getOffice365GroupsActivityDetail and S2SUnauthorized and custom connectors

It always impresses and scares me when I am trying to figure something out and while Googling I come across one of my own blog posts. Impressive, coz “wow I was so smart a few months ago and had figured this out!” but scary coz “shit, I’ve forgotten I ever did this”. 😵‍💫

Case in hand, yesterday I blogged out the HTTP with Azure AD connector. I had forgotten there was a blog post on it, and while I was looking to do some more stuff with it today I came across two more on my side.

  • This one, which is super informative on what else one can use that connector for. Heck, I even figured out how to use it for Forms and other stuff – sure, it was about 9 months ago and I have been busy with other stuff so don’t really remember it, but still…
  • And this one, which is quite cool in that I use this connector to make requests to my Logic Apps.

Between these two posts, I think they capture everything I know (or should know) about this connector.

Anyways, a colleague wanted to use the HTTP with Azure AD connector to get reports. The account in question has the Reports Reader role, and he was trying the following URL:'D90')

But it failed:

It’s not surprising it failed. The connector has a limited set of scopes:

That is to say, it probably doesn’t have the Reports.Read.All delegated permission assigned to it, so even though the account can do it the connector can’t. Bummer.

I could go the route of an HTTP connector, and I did spend some time fooling around with that, but eventually gave up. Using an HTTP connector has the draw back that I need to send the username and password as part of the password flow. There are options to authenticate via OAuth 2.0 with the HTTP connector but I couldn’t quite figure out how to make it work with an App Registration I created that gives the delegated Reports.Read.All permissions. Could be that I was just being thick when figuring it out.

Anyways, using a custom connector is more fun. And reusable. Plus I can setup the connector for others in their environment, without handing over the secret to others. Way more nifty in my opinion.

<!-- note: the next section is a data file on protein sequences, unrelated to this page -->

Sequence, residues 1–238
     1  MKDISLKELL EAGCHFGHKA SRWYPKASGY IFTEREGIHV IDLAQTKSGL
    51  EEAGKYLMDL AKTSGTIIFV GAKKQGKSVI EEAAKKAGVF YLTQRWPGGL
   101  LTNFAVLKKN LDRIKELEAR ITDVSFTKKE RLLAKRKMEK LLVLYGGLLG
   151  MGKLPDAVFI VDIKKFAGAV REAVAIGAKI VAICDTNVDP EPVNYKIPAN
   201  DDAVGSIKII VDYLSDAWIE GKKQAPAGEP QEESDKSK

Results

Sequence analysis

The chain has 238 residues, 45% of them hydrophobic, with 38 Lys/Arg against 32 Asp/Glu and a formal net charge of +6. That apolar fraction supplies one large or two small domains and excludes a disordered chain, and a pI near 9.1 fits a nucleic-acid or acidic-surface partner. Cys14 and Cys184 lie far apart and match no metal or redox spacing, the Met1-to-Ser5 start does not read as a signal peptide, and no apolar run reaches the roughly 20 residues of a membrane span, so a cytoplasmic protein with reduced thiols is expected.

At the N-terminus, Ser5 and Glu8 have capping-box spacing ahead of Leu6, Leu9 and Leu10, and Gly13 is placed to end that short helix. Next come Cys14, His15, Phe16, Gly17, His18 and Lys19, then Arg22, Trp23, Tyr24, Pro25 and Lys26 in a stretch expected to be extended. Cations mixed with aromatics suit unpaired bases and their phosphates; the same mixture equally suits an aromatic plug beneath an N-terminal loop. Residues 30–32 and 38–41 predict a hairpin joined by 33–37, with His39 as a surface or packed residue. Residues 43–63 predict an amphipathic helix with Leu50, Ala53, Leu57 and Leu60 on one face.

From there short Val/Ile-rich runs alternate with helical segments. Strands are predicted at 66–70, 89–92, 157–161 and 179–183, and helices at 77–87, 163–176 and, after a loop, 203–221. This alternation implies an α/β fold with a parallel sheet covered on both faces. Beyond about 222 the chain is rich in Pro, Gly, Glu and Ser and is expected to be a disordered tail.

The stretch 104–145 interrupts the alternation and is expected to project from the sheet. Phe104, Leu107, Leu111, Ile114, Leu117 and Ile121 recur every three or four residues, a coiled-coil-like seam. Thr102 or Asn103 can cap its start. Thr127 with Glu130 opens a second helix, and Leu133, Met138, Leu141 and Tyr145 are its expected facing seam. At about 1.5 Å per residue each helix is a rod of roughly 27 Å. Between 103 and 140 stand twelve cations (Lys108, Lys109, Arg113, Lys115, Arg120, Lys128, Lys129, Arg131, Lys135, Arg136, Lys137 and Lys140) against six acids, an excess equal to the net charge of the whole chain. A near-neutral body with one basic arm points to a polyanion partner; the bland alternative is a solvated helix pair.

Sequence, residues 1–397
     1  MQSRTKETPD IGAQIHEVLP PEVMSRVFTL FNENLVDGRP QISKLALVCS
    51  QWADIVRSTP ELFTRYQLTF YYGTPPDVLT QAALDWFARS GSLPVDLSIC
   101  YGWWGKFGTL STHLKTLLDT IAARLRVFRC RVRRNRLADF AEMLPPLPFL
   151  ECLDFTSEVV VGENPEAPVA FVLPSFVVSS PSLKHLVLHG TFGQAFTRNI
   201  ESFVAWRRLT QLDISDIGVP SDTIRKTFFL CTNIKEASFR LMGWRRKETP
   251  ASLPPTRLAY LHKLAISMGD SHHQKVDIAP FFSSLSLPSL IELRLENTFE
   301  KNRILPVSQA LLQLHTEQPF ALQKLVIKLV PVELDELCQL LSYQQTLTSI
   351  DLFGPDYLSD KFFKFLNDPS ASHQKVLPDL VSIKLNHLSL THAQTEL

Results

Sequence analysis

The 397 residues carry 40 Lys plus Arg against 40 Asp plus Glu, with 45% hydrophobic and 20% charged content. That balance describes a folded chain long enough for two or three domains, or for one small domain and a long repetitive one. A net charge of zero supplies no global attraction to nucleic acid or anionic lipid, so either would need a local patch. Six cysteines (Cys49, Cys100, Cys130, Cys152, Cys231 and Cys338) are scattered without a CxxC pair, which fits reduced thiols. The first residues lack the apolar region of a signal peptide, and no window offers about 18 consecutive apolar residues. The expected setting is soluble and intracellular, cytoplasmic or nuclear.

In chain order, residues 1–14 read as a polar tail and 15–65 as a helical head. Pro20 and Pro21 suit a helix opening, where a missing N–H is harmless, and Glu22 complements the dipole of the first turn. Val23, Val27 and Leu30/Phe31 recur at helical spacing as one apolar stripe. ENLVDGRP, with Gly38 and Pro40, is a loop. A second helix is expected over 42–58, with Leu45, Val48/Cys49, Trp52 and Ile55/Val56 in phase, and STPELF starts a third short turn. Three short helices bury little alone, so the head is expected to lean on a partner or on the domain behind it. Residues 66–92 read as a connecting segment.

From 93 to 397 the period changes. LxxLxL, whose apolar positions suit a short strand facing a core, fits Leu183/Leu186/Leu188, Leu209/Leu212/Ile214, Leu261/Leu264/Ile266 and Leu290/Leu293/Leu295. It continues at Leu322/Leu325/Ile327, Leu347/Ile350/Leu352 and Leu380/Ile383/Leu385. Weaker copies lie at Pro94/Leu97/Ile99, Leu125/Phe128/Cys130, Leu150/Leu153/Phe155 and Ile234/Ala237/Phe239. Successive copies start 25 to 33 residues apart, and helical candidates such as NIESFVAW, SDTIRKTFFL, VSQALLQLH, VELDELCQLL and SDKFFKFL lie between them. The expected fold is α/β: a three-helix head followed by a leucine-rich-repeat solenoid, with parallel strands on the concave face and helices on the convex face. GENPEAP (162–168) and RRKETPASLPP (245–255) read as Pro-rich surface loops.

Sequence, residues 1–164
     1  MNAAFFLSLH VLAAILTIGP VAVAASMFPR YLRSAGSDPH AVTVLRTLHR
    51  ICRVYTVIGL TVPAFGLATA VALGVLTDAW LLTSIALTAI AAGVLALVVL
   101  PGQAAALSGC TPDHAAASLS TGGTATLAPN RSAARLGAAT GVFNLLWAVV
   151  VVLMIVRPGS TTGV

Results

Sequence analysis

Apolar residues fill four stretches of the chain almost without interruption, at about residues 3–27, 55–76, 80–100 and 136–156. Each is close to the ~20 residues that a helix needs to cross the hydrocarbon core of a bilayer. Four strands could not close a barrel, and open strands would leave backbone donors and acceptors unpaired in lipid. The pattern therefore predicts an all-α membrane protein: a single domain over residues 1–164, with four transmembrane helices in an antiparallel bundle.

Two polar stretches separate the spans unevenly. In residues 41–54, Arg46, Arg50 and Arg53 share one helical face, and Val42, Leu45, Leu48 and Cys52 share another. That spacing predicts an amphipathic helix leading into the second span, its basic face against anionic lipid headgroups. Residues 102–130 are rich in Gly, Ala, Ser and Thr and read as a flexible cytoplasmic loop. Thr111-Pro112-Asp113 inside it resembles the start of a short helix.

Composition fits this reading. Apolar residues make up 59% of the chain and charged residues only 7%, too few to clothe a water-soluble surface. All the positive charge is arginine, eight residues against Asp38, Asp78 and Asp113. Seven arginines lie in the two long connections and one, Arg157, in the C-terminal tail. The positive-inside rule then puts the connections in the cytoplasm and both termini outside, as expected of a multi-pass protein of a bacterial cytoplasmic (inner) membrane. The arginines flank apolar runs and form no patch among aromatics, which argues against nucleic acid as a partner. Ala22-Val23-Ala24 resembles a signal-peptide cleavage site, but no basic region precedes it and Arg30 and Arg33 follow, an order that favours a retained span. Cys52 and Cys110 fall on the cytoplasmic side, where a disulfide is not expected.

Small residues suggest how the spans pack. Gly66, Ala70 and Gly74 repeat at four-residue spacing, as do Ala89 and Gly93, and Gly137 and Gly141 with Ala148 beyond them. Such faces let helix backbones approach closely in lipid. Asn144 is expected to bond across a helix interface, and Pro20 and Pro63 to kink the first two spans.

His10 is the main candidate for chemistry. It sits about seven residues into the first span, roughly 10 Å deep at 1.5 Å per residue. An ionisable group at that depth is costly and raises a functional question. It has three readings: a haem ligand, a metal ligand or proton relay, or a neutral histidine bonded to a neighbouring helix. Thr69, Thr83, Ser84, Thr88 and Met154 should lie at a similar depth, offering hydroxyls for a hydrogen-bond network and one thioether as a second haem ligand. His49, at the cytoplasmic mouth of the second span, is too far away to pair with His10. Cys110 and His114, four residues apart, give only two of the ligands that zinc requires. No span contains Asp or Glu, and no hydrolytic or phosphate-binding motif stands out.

So here’s what I did.

First, I created an App Registration. Just a standard one, but I added the delegated Reports.Read.All permission to it and did an admin consent.

Then I created a secret, and noted that.

Next, I went to Power Automate and created a custom connector.

Go to Data > Custom Connectors > New custom connector.

Create from blank. Give it a name.

And description. And change host to

Then go to the next page, Security.

I want OAuth 2.0 and Azure AD.

Fill in the rest of the details from the App Registration. I left the Tenant ID as common, but filled in the resource URL as (fill that exactly; I know this experience).

Click “Create Connector”.

That should generate a Redirect URI.

I added that to the App Registration.

Go to the next section, Definition.

Add an action.

Update: Later, I changed the above to be like this:

That’s because I realized there’s no way to take an input of the number of days, so I might as well create separate ones.

And a request, for that action.

The URL is

Update: Later, I changed the URL to be'D90') to match the updated name above

Click on Response, add a default response,  and I added the following:

I got this from the API documentation.

This one’s a bit odd in that the response is the headers.

And that’s it, save/ update the connector.

Now in my Power Automate, I can call this custom connector.

After selecting I can see the action I created.

Save, and test/ run it.

On the face of it, it throws an error.

But that’s misleading, because the headers show the content I want:

So I create a Compose action after this connector, and use the Location as input.

And set it to run even after the connector has failed.

Run it now, and the flow succeeds. 🙂

I downloaded the JSON and added more actions to it.

These are all the valid “period” options for that call. I wish there was some way to take an input for GET operations. There is, if I switch to POST, but that’s not what I need.

Update: Later in the day, when Googling on something else, I came across this blog post from Microsoft. It’s a good one. And worth noting this point:

Custom connectors are supported by Microsoft Azure API Management infrastructure. When a connection to the underlying API is created, the API Management gateway stores the API credentials or tokens, depending on the type of authentication used, on a per-connection basis in a token store. This solution enables authentication at the connection level.